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Quantitative Methods for Similarity in Description Logics

dc.contributor.authorEcke, Andreas
dc.description.abstractDescription logics (DLs) are a family of logic-based knowledge representation languages used to describe the knowledge of an application domain and reason about it in a formally well-defined way. However, all classical DLs have in common that they can only express exact knowledge, and correspondingly only allow exact inferences. In practice though, knowledge is rarely exact. Many definitions have exceptions or are vaguely formulated in the first place, and people might not only be interested in exact answers, but also in alternatives that are “close enough”. We are interested in tackling how to express that something is “close enough”, and how to integrate this notion into the formalism of DLs. To this end we employ the notion of similarity and dissimilarity measures, we will look at how useful measures can be defined in the context of DLs and two particular applications: Relaxed instance queries will use a similarity measure in order to not just give the exact answer to some query, but all answers that are reasonably similar. Prototypical definitions on the other hand use a measure of dissimilarity or distance between concepts in order to allow the definitions of and reasoning with concepts that capture not just those individuals that satisfy exactly the stated properties, but also those that are “close enough”.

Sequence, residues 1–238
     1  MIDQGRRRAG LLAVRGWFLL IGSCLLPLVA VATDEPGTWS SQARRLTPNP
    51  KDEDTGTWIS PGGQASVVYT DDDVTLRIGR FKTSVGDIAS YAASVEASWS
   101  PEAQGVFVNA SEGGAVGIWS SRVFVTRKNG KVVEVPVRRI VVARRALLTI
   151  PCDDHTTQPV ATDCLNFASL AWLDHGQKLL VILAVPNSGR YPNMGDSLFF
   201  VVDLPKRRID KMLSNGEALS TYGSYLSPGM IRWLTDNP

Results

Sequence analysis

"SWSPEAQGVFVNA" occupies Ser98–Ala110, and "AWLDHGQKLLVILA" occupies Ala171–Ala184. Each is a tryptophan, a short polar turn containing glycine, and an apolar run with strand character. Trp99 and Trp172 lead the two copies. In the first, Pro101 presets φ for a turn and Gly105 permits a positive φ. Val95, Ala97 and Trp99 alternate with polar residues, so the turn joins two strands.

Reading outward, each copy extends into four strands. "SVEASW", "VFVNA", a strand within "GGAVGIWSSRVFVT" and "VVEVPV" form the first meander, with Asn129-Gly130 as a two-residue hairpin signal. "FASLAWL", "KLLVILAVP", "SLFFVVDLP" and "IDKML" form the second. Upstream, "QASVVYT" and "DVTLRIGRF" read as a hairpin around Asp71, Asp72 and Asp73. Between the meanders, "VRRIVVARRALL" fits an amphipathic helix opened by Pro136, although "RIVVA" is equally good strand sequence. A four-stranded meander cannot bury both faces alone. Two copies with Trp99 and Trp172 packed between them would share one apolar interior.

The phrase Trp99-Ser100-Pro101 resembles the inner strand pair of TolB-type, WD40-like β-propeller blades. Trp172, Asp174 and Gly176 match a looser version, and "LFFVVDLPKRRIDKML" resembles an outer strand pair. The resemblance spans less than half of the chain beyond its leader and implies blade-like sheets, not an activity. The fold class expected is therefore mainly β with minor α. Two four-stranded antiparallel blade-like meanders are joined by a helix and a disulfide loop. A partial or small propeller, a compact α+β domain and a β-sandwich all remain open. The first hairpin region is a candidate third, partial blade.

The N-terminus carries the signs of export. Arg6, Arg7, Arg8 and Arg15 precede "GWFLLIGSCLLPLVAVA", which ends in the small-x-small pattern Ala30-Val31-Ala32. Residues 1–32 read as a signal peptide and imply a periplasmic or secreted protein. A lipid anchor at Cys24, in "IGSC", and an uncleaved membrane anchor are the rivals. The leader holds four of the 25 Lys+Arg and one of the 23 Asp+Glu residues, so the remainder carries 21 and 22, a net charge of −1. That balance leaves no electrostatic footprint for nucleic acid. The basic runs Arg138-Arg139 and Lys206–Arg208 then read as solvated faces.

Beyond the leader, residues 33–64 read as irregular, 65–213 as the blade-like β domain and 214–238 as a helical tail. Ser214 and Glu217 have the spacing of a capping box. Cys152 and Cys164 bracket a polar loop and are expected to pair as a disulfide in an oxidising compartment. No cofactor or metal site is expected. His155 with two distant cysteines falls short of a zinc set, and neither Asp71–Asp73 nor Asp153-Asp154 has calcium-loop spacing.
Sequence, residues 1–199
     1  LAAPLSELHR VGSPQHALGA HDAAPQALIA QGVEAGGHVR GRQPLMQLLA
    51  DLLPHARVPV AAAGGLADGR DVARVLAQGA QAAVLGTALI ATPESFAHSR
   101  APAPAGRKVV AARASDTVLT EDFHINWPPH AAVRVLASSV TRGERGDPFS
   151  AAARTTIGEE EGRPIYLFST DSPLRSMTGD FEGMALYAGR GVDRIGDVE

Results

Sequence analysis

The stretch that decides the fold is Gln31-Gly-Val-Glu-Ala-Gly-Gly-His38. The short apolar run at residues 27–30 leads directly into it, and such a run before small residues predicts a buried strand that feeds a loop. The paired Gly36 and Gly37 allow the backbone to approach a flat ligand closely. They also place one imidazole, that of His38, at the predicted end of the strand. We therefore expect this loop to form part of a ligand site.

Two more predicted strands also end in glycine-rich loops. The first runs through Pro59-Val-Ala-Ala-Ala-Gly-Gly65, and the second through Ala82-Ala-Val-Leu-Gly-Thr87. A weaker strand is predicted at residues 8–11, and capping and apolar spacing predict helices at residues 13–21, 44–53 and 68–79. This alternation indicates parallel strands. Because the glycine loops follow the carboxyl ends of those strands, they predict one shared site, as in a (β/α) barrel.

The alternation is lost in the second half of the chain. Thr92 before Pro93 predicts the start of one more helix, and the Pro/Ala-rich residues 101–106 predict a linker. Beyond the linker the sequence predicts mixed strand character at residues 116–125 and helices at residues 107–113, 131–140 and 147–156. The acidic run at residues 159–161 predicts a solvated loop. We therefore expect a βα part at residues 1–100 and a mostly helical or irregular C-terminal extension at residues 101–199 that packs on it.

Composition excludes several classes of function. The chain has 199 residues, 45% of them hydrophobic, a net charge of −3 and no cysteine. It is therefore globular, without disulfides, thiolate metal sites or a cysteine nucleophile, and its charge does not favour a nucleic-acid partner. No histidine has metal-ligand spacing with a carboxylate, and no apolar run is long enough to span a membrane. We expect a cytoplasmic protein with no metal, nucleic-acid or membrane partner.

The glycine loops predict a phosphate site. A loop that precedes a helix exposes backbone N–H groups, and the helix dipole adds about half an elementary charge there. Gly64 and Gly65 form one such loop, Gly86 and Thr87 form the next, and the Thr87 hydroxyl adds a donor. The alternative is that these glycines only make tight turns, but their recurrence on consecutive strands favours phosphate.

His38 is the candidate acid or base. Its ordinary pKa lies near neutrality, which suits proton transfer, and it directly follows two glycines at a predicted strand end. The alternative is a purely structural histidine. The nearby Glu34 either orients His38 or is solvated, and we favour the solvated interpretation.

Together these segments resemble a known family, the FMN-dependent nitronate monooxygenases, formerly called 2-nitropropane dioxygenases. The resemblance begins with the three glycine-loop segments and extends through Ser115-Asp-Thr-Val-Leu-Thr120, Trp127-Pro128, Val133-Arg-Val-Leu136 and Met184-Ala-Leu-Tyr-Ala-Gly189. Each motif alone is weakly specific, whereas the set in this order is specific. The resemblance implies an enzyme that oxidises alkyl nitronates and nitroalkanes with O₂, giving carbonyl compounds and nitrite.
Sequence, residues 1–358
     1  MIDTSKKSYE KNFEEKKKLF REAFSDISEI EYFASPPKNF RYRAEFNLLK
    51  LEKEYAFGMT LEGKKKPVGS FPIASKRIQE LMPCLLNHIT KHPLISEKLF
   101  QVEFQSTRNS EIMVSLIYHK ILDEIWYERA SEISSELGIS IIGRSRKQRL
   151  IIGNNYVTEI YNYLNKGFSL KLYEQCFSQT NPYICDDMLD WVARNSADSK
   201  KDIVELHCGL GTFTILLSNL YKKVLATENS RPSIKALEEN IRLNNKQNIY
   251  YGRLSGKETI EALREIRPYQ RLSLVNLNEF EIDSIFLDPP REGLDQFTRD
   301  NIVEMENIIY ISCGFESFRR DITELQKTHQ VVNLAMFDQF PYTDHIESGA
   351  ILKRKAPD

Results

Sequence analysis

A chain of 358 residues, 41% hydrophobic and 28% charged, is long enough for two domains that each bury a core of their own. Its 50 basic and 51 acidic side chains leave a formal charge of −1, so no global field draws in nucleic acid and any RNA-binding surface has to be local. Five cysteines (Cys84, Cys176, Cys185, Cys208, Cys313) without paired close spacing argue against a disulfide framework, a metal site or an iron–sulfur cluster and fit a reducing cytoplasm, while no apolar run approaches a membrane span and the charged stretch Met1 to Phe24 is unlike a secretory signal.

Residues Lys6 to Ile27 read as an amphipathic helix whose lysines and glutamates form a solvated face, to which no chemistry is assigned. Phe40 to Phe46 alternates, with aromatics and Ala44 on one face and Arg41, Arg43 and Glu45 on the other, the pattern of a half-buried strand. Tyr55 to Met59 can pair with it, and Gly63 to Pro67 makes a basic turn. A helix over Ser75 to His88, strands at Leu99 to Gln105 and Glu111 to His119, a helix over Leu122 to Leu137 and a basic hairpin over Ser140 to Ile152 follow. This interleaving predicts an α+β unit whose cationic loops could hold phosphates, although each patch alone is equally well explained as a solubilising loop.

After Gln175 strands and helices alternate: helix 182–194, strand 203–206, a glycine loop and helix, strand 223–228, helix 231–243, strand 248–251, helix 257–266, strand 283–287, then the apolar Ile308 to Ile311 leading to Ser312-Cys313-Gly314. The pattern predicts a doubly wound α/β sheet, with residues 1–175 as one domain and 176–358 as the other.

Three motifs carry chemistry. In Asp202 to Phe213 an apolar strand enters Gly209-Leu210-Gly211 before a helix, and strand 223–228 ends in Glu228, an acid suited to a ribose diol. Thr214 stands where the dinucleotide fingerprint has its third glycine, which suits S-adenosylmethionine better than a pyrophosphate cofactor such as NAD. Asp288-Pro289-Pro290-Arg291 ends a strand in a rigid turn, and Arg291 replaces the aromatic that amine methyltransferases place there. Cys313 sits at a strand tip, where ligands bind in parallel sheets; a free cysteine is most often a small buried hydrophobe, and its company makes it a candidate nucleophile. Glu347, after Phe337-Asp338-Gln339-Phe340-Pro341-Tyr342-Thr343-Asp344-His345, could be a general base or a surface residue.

dc.relation.ispartofKI - Künstliche Intelligenz: Vol. 31, No. 1
dc.relation.ispartofseriesKI - Künstliche Intelligenz
dc.subjectDescription logics
dc.subjectQuery relaxation
dc.subjectSimilarity measures
dc.titleQuantitative Methods for Similarity in Description Logics
dc.typeText/Journal Article